Upon reading the Feb. 24 article “Maryland Department of Agriculture announces phaseout of pesticide,” we were disappointed not to see any mention of the many shortcomings in MDA’s plan. As Marylanders and state legislators, we ultimately believe this proposal to “phase out” the highly toxic pesticide chlorpyrifos is not acceptable. MDA is simply not equipped financially or with expertise to develop and defend a regulation banning chlorpyrifos.
There would be serious flaws with any regulatory process led by MDA. Draft regulations could get stuck for months and years, and opponents could file lawsuits challenging the regulation. MDA’s potential “phase out” of some uses of chlorpyrifos would likely allow numerous delays, exemptions and loopholes, resulting in continued exposure to this toxic chemical.
The legislation that we introduced and have been working with other Maryland lawmakers to pass would provide certainty about when, where and how Maryland would finally ban chlorpyrifos. No regulatory attempt by MDA would provide such certainty or an immediate ban.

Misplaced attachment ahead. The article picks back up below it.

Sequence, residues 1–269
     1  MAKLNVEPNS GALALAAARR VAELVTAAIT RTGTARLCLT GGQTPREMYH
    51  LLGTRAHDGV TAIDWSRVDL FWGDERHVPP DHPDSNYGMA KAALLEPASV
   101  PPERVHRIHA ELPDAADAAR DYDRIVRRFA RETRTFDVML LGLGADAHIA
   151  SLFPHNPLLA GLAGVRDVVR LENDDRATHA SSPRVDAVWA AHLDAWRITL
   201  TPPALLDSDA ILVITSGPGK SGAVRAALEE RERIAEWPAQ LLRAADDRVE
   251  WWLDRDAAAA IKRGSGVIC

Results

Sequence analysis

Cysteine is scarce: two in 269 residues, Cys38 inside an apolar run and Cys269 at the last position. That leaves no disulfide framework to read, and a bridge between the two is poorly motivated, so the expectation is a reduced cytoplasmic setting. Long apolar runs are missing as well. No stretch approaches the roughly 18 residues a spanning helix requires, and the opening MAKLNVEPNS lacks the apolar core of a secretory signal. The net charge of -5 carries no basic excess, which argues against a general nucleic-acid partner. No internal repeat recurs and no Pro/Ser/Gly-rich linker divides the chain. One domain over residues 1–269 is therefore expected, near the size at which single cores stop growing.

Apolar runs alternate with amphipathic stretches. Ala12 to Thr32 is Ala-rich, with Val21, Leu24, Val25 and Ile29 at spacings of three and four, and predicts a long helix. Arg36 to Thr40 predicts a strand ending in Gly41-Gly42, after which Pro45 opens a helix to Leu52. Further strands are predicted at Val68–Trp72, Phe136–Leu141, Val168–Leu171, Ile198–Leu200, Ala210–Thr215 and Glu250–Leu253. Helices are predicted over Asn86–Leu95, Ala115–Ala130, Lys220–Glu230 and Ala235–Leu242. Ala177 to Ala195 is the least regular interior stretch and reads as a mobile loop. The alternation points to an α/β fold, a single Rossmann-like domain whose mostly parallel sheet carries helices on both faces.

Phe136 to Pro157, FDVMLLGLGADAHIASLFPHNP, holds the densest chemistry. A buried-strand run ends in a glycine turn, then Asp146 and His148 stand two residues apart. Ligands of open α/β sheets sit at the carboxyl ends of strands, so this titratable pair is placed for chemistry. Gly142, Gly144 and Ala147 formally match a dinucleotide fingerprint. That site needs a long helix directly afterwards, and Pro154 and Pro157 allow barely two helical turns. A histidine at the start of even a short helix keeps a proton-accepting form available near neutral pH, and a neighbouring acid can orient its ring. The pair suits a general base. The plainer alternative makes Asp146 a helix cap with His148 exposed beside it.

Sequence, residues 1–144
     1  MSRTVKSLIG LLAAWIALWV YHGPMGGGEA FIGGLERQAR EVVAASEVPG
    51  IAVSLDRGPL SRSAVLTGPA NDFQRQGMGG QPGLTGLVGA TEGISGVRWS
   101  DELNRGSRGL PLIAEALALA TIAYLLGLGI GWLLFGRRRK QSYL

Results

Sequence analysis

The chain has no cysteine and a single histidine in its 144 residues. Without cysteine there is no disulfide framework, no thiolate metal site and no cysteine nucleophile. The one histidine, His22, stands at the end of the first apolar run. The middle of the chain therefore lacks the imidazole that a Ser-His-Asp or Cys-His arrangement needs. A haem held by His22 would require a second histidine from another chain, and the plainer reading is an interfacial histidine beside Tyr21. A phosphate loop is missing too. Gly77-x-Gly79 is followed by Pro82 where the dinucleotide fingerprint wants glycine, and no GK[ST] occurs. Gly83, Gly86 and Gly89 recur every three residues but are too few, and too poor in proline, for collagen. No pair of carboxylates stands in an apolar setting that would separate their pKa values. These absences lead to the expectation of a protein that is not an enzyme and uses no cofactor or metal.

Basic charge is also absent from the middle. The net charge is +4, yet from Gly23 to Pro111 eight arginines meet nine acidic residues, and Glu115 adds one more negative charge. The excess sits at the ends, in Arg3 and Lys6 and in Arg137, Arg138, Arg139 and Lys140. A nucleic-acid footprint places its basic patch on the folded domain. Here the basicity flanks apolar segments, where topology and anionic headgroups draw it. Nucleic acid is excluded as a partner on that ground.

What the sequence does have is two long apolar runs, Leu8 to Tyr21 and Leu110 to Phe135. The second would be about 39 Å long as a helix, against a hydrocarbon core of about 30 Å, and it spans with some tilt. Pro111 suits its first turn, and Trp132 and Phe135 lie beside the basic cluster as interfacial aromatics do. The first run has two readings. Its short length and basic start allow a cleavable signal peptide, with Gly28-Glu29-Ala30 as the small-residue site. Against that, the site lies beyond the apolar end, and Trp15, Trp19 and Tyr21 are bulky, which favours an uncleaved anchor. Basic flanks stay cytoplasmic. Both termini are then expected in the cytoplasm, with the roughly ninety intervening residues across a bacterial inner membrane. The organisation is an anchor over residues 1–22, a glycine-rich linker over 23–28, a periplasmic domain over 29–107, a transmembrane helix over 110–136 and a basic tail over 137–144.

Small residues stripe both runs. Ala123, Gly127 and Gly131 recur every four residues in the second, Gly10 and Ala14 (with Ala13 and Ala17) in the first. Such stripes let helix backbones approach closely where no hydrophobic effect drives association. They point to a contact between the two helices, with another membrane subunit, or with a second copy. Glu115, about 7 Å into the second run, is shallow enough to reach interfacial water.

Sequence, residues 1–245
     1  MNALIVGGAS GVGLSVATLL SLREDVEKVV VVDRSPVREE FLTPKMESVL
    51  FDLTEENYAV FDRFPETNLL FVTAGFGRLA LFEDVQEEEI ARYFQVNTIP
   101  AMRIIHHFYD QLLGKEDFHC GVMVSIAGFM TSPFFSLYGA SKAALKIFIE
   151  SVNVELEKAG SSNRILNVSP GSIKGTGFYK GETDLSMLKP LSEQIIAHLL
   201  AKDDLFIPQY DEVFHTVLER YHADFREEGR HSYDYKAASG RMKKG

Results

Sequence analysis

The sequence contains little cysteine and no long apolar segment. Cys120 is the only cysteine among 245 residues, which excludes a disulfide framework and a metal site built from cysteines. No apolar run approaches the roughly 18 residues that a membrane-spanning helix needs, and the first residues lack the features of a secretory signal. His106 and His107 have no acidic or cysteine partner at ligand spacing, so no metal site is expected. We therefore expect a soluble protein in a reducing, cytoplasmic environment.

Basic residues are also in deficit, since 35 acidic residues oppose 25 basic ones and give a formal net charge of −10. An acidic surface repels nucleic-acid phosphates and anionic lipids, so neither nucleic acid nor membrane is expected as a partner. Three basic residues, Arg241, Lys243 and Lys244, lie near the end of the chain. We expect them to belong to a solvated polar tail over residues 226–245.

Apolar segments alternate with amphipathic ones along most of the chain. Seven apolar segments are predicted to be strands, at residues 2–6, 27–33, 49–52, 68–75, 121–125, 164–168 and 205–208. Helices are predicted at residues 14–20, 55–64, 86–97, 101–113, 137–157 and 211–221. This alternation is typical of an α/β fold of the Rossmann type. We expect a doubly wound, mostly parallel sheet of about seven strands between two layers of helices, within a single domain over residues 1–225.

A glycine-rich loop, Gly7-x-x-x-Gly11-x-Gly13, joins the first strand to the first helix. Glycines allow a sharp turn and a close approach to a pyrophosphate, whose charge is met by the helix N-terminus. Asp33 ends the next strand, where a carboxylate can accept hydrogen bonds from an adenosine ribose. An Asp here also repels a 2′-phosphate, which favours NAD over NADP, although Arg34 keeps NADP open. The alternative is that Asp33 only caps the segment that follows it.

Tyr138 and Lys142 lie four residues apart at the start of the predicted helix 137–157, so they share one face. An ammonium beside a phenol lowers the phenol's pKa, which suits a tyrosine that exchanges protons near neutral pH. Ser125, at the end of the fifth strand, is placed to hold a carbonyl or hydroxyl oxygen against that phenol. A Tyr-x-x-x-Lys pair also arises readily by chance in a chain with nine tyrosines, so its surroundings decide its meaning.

This is why we sponsored HB 229 and SB300, which would ban chlorpyrifos by law and ensure that this pesticide is removed from farms, produce and golf courses expeditiously. The rules, as a result of passing a Maryland law, would be clear and predictable and less vulnerable to legal challenges.
Chlorpyrifos must be fully banned as quickly as possible — it’s been five years since EPA scientists recommended a full, no-exemptions ban, after their 20-year risk assessment determined that there is no safe level of exposure or safe method of application for this brain-damaging pesticide linked to learning disabilities, autism spectrum disorders, and other neurological and developmental impacts.
Sen. Clarence K. Lam and Del. Dana Stein